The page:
You can already hear on “Fond on Pond” that our music is changing. The music we were listening to during that time had an impact on us. Worth mentioning would be Air, but we also listened to a lot of DJ sets, which are currently emerging from the Düsseldorf area. Detlef Weinrich, aka Tolous Low Trax, uses percussions that you can hear on “Soft Ware” too. Moreover, we experimented with afrobeat elements – sometimes we actually push the boundaries towards ethno-music.
What’s your approach with new music? Do you work in a constant flow and the music develops organically, or do you get to a point at which you say: OK, we want something new?
We had the idea for this kind of album quite a while ago, but we initially failed. After founding the band we brought out “Rush Hush” pretty quickly. We simply got started without giving it much thought, and we produced the album ourselves. With the new album we noticed that we need this objective view from outside in the form of a producer. Someone who can generate a color palette so that our songs, which are all very different, fit together.
Your song titles are very short and have a specific character, such as “Pool Day”, “Finish Fetish” and “Trivial Pursuit”. Often they’re just one word. What’s your approach – do you look for words and titles for your songs or do you try to create music for words and concepts? Or both?
It’s an alternating process. We like the culture of readymades or specific readymade notions and we like using them, seeing what happens when we bring these everyday concepts and our songs together. Everyone knows the term “software”. We’ve modified it slightly and given it a different meaning. In our song titles, we like to play off the different meanings of words against one another, particularly with concepts that are closely linked to pop culture. We tear them out of their syntactic environment and take them, like a readymade, to a new context of meaning through text and music. That’s something we’ve always done. This way, the song title leaves room for you to reinterpret it and give it further meaning. The album title “Soft Ware” also creates a contrast with the album. The music is anything but “soft” or “easily consumable”. It’s not an album for the mainstream. Sometimes though, the title stays very close to the text.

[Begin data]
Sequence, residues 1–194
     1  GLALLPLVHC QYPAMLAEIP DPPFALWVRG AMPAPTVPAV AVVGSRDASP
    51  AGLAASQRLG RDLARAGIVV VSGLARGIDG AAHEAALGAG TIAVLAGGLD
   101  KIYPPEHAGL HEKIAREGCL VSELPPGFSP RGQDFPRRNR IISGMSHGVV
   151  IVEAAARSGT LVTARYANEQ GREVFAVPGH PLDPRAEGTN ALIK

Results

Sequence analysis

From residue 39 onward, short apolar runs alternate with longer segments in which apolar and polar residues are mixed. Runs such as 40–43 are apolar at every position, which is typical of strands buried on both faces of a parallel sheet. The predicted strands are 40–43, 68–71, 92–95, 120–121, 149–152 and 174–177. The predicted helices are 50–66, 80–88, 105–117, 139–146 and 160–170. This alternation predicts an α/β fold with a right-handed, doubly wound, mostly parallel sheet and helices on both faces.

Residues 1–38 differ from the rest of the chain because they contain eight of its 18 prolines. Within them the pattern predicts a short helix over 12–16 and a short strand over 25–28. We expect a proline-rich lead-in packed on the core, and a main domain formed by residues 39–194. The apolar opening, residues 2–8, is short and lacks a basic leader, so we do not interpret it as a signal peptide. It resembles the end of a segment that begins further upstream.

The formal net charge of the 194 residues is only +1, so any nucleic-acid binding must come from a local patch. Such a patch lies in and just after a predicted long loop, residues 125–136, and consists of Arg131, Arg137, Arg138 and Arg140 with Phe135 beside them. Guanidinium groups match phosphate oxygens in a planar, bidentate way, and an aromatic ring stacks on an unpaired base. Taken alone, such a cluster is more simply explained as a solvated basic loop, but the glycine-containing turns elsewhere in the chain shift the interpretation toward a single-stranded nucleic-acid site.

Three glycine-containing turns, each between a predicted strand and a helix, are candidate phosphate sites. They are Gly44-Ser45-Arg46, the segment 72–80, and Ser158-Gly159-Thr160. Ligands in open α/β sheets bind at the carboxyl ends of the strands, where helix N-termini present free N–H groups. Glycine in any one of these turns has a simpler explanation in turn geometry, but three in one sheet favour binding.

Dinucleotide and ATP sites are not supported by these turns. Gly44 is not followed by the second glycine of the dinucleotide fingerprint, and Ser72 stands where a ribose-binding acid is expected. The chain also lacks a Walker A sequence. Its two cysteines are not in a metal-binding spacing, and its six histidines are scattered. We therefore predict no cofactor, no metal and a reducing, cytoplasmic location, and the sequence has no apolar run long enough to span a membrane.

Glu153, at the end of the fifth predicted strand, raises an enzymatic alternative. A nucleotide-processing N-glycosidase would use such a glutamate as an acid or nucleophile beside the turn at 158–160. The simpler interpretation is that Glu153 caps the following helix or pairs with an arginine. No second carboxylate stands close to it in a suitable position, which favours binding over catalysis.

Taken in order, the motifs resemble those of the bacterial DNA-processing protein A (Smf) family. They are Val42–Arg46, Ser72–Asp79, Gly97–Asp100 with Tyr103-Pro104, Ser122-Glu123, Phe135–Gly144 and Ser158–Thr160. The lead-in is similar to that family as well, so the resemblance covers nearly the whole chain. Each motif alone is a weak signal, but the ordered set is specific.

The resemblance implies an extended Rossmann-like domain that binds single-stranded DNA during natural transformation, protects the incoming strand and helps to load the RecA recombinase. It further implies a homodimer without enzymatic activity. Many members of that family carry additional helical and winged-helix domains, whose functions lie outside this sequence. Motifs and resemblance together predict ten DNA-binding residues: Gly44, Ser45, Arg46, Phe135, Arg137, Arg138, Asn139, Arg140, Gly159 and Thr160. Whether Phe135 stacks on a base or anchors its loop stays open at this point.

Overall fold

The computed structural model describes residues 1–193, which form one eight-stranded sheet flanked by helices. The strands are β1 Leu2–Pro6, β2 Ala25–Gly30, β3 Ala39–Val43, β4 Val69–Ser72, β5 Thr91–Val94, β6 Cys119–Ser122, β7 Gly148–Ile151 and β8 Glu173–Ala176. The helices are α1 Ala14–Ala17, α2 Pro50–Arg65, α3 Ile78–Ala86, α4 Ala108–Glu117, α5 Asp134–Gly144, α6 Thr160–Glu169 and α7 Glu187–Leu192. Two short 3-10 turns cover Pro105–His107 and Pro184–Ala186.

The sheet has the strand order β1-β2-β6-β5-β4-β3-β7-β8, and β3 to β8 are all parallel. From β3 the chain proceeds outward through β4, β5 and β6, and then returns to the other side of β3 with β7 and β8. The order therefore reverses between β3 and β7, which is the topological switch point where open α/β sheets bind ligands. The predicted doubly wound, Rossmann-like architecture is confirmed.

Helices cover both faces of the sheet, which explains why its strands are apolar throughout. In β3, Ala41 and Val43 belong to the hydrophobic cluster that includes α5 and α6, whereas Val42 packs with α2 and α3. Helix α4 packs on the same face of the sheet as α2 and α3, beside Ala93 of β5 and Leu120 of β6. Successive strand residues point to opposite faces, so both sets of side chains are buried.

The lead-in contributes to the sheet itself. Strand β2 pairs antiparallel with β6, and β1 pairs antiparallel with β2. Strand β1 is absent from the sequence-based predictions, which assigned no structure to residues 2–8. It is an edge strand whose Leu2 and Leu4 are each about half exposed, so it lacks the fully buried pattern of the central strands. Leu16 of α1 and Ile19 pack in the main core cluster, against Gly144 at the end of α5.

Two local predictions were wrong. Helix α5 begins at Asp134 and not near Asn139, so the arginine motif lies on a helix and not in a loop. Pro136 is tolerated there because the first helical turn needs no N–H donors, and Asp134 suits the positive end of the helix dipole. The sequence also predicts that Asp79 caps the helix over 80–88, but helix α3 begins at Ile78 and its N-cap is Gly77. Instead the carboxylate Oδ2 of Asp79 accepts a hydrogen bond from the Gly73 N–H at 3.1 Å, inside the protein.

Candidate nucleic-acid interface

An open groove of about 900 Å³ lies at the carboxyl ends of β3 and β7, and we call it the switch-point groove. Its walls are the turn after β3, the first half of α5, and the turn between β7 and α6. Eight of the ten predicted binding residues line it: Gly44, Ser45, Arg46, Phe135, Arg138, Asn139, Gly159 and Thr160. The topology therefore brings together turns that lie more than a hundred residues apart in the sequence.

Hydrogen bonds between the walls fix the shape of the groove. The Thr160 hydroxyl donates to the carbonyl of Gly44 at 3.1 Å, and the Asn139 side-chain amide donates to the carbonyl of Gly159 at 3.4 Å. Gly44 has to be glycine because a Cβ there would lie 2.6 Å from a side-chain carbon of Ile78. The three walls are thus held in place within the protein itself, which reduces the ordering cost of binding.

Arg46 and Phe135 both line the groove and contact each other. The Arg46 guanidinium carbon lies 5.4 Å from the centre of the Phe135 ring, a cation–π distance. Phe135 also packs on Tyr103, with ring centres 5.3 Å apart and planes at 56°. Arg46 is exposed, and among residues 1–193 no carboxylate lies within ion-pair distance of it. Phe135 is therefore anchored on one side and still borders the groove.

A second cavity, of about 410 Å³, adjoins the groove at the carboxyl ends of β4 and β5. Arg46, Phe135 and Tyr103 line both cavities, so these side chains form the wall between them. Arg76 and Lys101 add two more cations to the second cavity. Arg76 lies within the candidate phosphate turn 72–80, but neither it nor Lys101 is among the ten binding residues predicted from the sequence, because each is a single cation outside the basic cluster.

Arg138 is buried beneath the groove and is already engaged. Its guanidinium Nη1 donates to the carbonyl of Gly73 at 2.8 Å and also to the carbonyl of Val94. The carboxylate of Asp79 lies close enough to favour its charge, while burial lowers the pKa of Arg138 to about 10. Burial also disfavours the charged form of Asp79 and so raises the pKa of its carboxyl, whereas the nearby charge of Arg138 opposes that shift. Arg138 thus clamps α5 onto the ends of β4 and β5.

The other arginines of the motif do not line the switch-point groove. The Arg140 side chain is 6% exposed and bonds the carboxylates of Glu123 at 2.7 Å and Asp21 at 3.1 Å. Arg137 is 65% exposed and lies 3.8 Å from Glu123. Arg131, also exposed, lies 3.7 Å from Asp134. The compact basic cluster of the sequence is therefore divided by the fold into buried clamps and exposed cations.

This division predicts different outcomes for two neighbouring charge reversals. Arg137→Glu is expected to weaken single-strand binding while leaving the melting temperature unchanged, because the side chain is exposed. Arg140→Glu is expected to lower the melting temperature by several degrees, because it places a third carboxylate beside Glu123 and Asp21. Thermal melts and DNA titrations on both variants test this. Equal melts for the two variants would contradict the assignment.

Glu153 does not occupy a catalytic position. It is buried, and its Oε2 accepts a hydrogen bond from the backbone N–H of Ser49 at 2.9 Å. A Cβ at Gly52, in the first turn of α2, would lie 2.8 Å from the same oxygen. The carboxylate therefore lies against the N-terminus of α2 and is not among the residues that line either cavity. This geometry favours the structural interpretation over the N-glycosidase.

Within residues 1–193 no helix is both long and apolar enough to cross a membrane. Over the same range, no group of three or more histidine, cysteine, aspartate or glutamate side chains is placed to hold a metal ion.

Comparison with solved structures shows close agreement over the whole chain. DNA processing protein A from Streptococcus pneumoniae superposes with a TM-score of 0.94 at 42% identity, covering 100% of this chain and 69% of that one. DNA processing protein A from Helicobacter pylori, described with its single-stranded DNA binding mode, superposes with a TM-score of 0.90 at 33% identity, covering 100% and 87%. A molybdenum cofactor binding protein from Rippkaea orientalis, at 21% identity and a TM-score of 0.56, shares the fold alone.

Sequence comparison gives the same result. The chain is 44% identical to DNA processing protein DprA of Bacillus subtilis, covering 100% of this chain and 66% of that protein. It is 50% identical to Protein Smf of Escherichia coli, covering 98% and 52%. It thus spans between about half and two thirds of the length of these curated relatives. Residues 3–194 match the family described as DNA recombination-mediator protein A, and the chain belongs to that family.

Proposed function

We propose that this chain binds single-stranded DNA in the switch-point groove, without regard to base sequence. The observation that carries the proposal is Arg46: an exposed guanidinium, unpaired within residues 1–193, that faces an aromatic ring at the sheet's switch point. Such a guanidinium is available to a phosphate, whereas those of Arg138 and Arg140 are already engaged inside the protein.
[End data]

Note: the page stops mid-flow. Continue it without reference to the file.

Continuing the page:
The music is anything but “soft” or “easily consumable”. It’s not an album for the mainstream.
How is the new sound reflected when you play live? “Rush Hush” is easy to dance to and works really well on live gigs. “Soft Ware” is calmer, so does that mean you’re calmer on stage too?
Only partly. We deliberately held back in the production of the album, so it is somewhat austere. On stage though, we put more energy into it and the songs on “Soft Ware” are definitely good to dance to in the live context.
And what can we expect at the Summer Hangout?
Lots of new songs, of course, and definitely not a concert in the classic sense. The structure is somewhat more like an electronic live set, a constant flow of music.
We’re looking forward to it. What are your plans for the future?
With the end of summer we start playing live again much more, but aside from that we’ve currently got a few ideas in the mix. That’s a good thing, because we can approach new projects in a relaxed frame of mind and it also helps the music if there’s no pressure. We’ve got something in the pipeline for autumn but I can’t give anything away just yet.